In the course of their relationship, couples create substantial social contexts that involve sharing domestic, recreational or occupational activities. When skin disease changes companionship in any one of these areas, the maintenance or nature of the relationship may be threatened (Lyons & Sullivan, 1998). Changes in a couple's social network may occur through reduced interactions with others and an increase in companionate activities at home (Morgan et al., 1984). More than often, withdrawal is a response to the damaging effects of social stigma. Porter et al. (1990) reported that vitiligo patients experienced embarrassment and anxiety when meeting strangers and that many had been victims of rude remarks in the face of public ignorance. In the short term, avoidance may serve a protective function, but it may also lead to loss of friendships and activities that would typically increase a couple's social network. In an early survey, Jobling (1976) asked 186 members of the British Psoriasis Association what they considered was the worst aspect about having psoriasis? Eighty-four per cent alluded to isolation based on their difficulties in establishing social contacts, and forming relationships. Negative changes in lifestyle will stress a relationship further, if a couple's ability to function as a unit is continually challenged.
For some couples, skin disease brings new responsibilities into a relationship and this may be taxing if traditional gender roles become unbalanced (Danoff-Burg & Revenson, 2000). For example, in one affected couple, a wife had to seek employment when her husband was unable to continue his job at a dry cleaner because the steam and chemicals aggravated his eczema. Functional limitations may also lead to changes in a couple's leisure activities; for instance, patients with psoriasis receiving psoralen plus ultraviolet light (PUVA) treatment often sacrifice holidays in the sun. If, for the sake of the relationship, partners also forgo valued activities, they too are in danger of becoming isolated through their own loss of freedom. Firstly, by missing out on social interactions that were previously shared and secondly, by having to do more things alone. At times the more intimate the relationship, the increased likelihood of mutual isolation.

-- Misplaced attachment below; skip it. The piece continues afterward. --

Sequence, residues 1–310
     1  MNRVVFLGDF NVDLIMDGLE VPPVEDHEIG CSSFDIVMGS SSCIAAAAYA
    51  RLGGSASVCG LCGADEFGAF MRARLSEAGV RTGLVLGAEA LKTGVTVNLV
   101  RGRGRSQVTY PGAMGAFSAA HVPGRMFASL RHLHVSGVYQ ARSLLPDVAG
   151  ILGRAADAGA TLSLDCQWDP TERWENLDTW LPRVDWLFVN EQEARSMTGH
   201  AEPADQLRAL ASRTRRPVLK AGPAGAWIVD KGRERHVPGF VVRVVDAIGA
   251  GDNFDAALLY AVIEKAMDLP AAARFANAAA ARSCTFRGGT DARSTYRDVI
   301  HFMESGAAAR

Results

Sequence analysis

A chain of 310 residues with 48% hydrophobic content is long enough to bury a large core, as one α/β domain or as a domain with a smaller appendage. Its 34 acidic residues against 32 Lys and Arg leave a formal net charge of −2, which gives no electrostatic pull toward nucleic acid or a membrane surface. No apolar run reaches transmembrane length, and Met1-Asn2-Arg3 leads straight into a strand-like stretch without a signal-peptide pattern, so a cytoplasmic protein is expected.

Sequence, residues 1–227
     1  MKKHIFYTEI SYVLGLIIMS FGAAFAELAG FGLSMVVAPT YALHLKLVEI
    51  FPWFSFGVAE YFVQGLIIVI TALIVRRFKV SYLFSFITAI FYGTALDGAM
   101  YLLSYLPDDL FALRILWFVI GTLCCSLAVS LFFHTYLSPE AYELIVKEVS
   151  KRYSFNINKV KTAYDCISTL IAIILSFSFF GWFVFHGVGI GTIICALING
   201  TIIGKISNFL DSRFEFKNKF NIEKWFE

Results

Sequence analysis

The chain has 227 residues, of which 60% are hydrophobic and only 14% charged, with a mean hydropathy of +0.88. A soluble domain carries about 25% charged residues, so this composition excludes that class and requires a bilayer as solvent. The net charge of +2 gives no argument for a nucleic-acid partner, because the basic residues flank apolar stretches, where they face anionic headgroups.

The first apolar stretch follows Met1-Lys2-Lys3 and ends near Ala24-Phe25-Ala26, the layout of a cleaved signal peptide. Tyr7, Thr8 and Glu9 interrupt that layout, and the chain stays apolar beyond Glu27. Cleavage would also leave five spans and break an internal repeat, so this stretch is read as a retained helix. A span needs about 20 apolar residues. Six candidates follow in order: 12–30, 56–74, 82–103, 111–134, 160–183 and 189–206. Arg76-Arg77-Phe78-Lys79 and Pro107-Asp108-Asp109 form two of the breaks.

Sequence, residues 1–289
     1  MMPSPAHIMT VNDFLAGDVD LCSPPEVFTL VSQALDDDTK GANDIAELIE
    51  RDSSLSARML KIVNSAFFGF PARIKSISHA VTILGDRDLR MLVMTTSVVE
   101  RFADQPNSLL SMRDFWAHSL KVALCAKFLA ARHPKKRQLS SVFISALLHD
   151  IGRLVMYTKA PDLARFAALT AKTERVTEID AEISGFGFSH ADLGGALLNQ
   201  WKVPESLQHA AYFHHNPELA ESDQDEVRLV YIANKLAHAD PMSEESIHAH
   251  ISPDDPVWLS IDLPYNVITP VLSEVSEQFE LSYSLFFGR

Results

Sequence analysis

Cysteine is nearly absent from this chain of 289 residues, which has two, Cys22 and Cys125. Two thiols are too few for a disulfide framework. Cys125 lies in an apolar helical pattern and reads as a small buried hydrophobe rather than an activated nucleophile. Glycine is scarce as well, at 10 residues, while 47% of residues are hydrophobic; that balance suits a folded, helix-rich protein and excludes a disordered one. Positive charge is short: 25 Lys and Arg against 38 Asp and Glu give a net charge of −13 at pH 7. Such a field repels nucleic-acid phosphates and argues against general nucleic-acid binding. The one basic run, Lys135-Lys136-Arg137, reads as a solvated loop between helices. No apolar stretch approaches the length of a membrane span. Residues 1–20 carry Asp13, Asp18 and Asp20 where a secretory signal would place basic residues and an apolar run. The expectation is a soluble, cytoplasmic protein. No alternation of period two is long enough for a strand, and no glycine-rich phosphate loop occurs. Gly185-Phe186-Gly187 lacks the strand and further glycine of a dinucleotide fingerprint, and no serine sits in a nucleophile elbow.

Relationship functioning is thus shaped by a couple's desire and competence in readjusting shared activities and social networks to increase companionship. Successful adaptation may involve downplaying the disease as a constraint, focusing on the present and not allowing disfigurement to assume a dominant place in the relationship. Positive readjustment may also include network remodelling, which involves finding and adding resources such as support groups, to existing networks (Lyons & Meade, 1995b). According to Locker (1983) such changes reflect 'legitimacy' in illness, namely having others accept the reality and nature of constraints that are placed on the affected couple.
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Do You Suffer From the Itching and Scaling of Psoriasis? Or the Chronic Agony of Psoriatic Arthritis? If so you are not ALONE! A whopping three percent of the world’s populations suffer from either condition! An incredible 56 million working hours are lost every year by psoriasis sufferers according to the National Psoriasis Foundation.